Wednesday, June 19, 2013

girls will be boys part two

Okay, so I'm back to my Girls Will Be Boys postings from my study of A Queer History of the United States. The subject today is a women named Deborah Sampson Gannett. Gannett was born in 1760 in Massachusetts. In 1782 she decided she wanted to fight in the continental army, so she dressed as a man and joined the military as Robert Shurtliff. She bravely fought in several battles before being wounded in 1783. She needed medical attention due to her injury and that's when she was discovered to be a female. In 1785 she received an honourable discharge and married a man named Robert Gannett. They had children and settled into marriage and family life.
    Any women in the 1700's who was bold enough to join the military dressed as a man and go to battle was not going to be satisfied with a quiet life as a wife and mother. So, in 1797 she wrote a ''semi fictional'' narrative of her life as a cross dressing soldier called The Female Review or Memoirs of an American young Lady, Whose Life and Character are Peculiarly Distinguished-Being a Continental Soldier, for Nearly Three Years, in the Late American War. The narrative makes reference to some encounters with females that imply Lesbian activity. This, along with Gannett's cross dressing, is what suggest that she may have been LGBT. There were many women who dressed as men in the 17th and 18th century simply because they wanted more out of life than to marry, cook, clean and have children or be a prostitute. Some of these women were also LGBT and some were not.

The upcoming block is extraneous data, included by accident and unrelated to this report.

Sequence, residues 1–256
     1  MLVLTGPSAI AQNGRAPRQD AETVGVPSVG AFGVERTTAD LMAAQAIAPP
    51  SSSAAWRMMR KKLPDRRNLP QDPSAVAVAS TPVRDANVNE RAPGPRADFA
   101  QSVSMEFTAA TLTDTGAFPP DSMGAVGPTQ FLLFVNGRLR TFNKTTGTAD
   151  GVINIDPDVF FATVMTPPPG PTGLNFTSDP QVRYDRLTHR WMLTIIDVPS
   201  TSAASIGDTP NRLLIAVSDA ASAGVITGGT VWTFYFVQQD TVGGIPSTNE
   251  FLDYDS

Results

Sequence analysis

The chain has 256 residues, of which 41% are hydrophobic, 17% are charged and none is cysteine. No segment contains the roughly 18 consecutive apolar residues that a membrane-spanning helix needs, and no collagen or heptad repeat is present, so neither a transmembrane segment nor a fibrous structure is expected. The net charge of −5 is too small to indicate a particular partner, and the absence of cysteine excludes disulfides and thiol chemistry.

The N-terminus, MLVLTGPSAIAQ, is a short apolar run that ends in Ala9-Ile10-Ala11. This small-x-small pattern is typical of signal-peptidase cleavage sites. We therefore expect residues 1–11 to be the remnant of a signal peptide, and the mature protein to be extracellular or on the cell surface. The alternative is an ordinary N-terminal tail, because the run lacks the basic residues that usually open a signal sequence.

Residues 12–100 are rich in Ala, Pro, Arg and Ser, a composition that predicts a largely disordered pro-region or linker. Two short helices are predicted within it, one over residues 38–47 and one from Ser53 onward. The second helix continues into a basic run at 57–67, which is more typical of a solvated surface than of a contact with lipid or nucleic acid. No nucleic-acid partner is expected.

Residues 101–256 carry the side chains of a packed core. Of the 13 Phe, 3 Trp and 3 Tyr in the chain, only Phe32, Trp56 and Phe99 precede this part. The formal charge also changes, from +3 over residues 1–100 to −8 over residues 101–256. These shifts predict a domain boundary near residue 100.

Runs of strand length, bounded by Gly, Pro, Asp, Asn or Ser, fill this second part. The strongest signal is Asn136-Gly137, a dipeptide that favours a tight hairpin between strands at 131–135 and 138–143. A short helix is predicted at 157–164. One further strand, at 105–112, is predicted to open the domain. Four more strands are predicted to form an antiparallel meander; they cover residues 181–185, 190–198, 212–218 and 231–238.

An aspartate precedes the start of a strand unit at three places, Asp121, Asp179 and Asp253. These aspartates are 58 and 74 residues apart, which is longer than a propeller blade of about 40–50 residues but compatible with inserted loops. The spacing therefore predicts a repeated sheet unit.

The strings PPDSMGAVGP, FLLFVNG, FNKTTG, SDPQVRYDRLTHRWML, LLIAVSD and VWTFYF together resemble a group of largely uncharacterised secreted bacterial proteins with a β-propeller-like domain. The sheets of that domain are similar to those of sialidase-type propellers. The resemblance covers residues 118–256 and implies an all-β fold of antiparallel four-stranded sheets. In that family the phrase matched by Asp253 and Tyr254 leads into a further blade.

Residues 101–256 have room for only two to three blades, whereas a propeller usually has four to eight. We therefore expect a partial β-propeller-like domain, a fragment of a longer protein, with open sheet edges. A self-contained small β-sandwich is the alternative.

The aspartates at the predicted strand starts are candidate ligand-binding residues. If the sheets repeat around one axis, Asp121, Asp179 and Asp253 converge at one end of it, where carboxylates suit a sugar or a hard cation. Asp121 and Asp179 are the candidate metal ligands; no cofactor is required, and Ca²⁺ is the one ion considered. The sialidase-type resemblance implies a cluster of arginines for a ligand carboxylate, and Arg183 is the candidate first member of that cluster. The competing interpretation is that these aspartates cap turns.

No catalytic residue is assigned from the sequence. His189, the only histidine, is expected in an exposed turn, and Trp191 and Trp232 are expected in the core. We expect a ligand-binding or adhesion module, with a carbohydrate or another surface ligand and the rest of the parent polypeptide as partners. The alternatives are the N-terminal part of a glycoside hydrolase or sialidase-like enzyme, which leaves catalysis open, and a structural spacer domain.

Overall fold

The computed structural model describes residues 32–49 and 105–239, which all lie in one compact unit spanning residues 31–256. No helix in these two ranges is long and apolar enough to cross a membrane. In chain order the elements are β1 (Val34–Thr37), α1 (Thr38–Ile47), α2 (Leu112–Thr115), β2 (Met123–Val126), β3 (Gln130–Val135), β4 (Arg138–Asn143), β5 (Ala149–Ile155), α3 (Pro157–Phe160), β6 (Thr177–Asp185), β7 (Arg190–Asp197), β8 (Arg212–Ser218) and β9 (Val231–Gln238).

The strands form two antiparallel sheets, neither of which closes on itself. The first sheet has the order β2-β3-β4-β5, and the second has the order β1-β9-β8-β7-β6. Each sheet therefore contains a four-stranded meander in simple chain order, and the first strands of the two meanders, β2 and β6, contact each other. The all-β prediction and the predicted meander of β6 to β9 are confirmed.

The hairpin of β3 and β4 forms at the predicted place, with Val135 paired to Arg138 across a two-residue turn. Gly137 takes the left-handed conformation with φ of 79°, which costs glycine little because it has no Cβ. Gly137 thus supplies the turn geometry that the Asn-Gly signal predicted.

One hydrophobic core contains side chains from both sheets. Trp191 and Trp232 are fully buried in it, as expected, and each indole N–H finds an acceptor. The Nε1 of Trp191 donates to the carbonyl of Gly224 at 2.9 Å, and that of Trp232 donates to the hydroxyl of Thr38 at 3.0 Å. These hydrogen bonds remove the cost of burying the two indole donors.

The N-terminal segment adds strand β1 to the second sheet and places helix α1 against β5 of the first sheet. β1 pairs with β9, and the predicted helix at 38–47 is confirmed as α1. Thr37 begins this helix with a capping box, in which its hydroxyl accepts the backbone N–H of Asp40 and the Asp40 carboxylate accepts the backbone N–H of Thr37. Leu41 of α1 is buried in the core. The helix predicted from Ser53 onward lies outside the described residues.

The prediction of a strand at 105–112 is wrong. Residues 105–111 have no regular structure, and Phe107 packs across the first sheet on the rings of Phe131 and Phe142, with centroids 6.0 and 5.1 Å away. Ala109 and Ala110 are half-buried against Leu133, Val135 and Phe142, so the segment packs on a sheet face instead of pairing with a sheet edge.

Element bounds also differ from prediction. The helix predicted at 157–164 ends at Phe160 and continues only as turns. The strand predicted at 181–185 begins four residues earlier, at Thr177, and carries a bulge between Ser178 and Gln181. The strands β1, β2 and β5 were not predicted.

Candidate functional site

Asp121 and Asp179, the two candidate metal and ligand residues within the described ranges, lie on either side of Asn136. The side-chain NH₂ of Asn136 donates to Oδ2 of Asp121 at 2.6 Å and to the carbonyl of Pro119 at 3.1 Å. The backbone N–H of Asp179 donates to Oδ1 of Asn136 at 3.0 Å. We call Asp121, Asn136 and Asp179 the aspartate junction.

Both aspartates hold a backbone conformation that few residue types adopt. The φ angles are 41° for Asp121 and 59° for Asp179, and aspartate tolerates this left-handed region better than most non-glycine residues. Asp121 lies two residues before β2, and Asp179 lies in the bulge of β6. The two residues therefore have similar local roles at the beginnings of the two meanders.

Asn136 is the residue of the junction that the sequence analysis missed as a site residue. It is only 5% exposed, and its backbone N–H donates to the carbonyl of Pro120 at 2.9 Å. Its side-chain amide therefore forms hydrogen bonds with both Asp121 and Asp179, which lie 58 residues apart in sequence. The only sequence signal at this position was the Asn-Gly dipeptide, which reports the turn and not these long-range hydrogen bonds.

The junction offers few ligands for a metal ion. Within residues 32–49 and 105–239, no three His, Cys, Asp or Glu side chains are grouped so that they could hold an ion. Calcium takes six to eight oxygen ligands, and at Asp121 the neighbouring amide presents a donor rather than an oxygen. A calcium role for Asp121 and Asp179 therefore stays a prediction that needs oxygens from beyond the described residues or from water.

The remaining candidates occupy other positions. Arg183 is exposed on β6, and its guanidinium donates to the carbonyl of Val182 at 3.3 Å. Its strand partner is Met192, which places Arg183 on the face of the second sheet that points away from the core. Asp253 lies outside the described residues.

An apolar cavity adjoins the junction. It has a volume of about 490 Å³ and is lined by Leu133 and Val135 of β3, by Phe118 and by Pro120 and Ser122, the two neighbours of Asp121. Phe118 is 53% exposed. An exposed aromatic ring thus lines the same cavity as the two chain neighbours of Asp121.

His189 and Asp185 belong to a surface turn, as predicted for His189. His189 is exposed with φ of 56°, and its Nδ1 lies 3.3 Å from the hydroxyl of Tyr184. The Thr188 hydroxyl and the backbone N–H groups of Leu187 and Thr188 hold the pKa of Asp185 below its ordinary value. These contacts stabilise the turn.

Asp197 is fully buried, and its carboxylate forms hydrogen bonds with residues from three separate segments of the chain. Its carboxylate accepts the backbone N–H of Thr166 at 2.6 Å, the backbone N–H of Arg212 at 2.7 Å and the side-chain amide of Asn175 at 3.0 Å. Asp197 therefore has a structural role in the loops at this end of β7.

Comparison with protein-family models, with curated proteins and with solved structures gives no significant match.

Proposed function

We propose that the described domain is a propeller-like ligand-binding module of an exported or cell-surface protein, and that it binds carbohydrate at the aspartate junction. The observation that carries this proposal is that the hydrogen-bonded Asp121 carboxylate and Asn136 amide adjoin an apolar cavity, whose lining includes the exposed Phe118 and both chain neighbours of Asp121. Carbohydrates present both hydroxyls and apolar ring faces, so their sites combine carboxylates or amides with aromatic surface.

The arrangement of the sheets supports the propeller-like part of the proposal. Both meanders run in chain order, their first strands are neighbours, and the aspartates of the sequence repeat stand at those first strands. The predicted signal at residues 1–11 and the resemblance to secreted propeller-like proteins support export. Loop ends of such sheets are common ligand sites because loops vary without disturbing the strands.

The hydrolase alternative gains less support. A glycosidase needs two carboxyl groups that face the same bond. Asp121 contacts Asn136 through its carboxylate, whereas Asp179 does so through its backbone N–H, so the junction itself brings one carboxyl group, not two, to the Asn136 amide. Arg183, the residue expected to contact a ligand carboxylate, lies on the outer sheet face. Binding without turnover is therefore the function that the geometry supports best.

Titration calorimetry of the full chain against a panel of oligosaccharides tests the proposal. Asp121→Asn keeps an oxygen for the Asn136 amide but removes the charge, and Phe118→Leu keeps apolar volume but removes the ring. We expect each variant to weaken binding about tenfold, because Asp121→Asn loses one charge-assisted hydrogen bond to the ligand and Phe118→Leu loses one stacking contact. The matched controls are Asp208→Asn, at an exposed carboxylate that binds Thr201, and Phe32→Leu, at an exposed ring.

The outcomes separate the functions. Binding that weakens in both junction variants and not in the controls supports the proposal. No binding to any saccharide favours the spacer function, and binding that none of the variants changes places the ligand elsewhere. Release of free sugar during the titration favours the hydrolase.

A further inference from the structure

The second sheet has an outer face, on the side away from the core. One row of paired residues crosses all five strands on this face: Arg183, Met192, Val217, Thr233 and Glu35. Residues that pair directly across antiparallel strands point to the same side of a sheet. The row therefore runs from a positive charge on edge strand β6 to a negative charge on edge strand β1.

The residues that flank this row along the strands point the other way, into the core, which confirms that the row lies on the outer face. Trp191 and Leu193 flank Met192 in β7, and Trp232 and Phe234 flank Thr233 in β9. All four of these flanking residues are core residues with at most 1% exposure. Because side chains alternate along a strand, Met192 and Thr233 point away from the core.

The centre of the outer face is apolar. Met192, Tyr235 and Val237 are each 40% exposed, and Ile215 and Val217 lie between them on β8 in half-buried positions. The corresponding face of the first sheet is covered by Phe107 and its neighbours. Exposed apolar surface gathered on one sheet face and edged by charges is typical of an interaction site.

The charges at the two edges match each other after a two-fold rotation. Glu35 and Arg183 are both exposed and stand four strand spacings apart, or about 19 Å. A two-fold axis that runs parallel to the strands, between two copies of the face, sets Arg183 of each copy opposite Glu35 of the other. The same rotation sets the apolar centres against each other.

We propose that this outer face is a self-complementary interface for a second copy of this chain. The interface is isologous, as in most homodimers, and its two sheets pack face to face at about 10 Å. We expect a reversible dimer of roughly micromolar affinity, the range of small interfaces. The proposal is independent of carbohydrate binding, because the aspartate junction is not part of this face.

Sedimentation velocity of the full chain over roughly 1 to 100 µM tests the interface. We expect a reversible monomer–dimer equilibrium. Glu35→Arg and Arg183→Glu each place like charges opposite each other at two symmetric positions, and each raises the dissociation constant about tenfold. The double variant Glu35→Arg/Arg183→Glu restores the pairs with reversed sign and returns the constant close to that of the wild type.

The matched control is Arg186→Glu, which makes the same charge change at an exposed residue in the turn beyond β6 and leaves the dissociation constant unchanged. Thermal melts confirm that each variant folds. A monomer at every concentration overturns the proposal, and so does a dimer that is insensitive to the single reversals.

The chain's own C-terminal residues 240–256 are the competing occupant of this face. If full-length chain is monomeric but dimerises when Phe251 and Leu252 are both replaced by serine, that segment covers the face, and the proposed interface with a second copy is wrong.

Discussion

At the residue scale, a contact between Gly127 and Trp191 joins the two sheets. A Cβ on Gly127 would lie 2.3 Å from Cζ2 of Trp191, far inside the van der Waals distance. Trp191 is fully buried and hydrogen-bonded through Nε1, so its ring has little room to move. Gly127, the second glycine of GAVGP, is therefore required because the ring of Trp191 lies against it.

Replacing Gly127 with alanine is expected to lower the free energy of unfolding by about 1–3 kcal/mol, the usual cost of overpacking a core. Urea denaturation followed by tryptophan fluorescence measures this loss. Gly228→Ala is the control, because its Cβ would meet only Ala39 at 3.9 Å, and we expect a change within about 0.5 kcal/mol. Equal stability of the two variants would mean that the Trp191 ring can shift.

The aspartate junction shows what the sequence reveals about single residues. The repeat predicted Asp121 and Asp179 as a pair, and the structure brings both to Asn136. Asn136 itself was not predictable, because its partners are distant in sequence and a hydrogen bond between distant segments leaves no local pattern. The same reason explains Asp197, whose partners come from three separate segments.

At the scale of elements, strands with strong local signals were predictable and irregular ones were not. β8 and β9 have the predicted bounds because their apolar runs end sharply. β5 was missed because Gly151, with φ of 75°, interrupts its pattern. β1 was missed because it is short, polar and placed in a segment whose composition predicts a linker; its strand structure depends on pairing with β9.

Anyhow, in 1802 Gannett began a series of public lectures based on her narrative. Her lectures included dressing in her army uniform and demonstrating complicated military drills. The lectures were very popular in Boston and other New England cities. She began her lecture tour to gain attention and public support for a military pension which, after many years of challenges and petitioning, she got in 1816.

No comments:

Post a Comment